Don’t be afraid to do your own motorcycle maintenance! If you’ve just picked up your first motorcycle, you may be a little gunshy about routine maintenance tasks like changing the oil. You shouldn’t be. All you need for some of these chores are your bike’s maintenance manual (or YouTube videos) and some basic tools. Most are inexpensive and in the long run can save you money over the life of your bike. Here’s a baseline of what you’ll want to have on-hand to get started in your garage doing some of the routine work (and even some bolt-on customization) on your own.
Motorcycles are different than cars in the sense that you can easily fit a lift in your garage without taking up much real estate. This 1,000-pound lift from Harbor Freight is foot operated and costs a tick under $430.
Taking your bike to the dealer every time it needs a service can get expensive fast. Changing the oil is fairly simple and can save you a bundle in the long run. This Low Profile Oil Drain Pan from big H-D is just over $30 and will pay for itself the first time you use it.
If your bike came with a chain or you’ve done a conversion, do yourself a favor and get a proper chain tool. You’ll save yourself a heap load of time and frustration trying to attach that master link without chasing the little clip all over the garage. For just less than $140, this tool from RK will save your sanity and your fingers.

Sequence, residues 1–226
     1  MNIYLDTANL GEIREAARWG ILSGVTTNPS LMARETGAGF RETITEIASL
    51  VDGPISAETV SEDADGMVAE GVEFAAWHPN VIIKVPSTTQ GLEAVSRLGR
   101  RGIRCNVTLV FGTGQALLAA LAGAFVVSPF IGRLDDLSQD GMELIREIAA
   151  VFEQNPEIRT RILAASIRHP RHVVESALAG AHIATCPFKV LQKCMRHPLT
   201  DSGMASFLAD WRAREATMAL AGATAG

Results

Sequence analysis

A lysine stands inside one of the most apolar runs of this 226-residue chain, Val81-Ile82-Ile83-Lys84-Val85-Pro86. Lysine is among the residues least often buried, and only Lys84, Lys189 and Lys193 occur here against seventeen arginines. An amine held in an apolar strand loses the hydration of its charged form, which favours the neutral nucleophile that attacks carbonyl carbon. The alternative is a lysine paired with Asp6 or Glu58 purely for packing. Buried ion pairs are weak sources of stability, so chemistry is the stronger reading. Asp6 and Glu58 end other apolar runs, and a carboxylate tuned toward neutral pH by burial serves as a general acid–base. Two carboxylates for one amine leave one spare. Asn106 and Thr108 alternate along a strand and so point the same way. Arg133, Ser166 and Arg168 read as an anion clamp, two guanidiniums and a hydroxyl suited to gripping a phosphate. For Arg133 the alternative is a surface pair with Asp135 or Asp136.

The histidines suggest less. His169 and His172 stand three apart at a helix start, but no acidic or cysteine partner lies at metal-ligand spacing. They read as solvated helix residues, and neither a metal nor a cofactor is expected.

I’ve found that most videos on YouTube are either too detailed or full of crap. Unless you want to painstakingly watch a 20-minute clip on how to change a tire by a wannabe filmmaker shooting in his basement, buy a proper service manual for your bike. Prices vary but it’s worth every penny.
It’s hard to compile a must-have list without tools. Tools are just like your bike. You can spend a little or you can spend a lot. Craftsman tools are readily available, come in all sizes, and are easily returnable. Even though you have an H-D, don’t forget to purchase metrics as well, as many parts are being switched over. Prices start at around $60 and go up from there.
There’s nothing worse than the sound of “were-were-were-click-click” when you go to start your bike. A battery tender will make sure that the battery will always be as juiced up as you are when you are ready to ride. C-Tek offers a wide variety of chargers for a wide variety of batteries and start at about $60 and go up from there.